New £80m sea wall planned in Dawlish to protect trains from waves
Rail campaigners have long argued that the money would be better spent on reinstating inland route from Exeter to Plymouth
Five years after western Devon and Cornwall were cut off from the rest of the UK by rail, the government has promised £80m for a new sea wall at Dawlish. A storm in February 2014 severed the Great Western Railway from Exeter to Plymouth. The main line from London to Penzance clings to the coast and is exceptionally vulnerable to seawater. During the storm, the railway sleepers became driftwood, leaving the tracks suspended in mid-air. No more trains would pass through for two months until the 100ft gap in Brunel’s handiwork was repaired at a cost of £40m.
Now, the Department for Transport has announced further funding of up to £80m “to deliver a new sea wall at Dawlish, providing better protection for the railway and homes behind it. This will help ensure the serious damage and disruption seen during storms in 2014 is not repeated,” the DfT says.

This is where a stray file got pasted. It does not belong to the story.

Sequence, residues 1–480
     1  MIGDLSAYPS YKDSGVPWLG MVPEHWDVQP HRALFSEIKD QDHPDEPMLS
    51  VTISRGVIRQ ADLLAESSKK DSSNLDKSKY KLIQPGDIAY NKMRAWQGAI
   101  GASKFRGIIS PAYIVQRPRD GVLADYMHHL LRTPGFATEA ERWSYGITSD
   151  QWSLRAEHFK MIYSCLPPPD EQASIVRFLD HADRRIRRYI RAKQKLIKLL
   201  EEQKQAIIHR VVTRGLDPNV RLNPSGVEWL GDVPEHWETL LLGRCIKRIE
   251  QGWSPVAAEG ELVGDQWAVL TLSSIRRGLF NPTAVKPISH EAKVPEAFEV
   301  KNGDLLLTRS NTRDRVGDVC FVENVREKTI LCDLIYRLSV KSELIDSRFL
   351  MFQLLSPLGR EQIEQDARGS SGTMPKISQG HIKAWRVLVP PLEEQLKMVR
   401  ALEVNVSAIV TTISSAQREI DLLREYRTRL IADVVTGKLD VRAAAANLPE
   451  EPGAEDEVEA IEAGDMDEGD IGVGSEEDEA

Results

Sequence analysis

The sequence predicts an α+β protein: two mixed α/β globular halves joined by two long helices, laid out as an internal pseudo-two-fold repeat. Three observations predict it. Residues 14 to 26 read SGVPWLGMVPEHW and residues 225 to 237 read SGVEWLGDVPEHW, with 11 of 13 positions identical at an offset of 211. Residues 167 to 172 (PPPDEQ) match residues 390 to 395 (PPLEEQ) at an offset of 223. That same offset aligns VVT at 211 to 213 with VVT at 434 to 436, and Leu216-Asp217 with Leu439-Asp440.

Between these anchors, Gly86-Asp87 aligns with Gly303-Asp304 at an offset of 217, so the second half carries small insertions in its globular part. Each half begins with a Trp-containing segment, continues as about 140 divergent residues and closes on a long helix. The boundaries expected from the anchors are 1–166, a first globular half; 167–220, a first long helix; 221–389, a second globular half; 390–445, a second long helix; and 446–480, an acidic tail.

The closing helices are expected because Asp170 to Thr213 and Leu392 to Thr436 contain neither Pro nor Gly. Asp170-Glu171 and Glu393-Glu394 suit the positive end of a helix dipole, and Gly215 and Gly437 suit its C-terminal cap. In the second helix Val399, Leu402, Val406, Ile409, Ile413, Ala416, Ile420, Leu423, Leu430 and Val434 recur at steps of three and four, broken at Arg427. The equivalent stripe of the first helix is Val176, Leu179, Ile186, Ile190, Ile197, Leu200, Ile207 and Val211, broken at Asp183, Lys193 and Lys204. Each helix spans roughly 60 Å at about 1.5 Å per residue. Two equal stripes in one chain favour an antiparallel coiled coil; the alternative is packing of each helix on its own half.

But rail campaigners have long argued that the money would be better spent on reinstating the London and South Western Railway from Exeter via Crediton, Okehampton and Tavistock to Plymouth. The inland route is far less vulnerable to inclement weather. It was closed as part of the wholesale dismantling of the rail network in the late 1960s. Half a century on, over half of the line still carries trains: Okehampton has a link from Exeter, while Bere Alston near Tavistock is connected to Plymouth. But the cost of reinstating the missing portion around the fringes of Dartmoor would run into hundreds of millions of pounds.
The transport secretary, Chris Grayling, said: “We cannot allow the disruption and damage endured by Dawlish and the south west to happen again. This significant investment demonstrates our cast-iron commitment to delivering a resilient and safe railway, giving passengers, businesses and residents confidence in a reliable service.”
Work on the new sea wall will begin in the spring and is expected to be complete by 2021.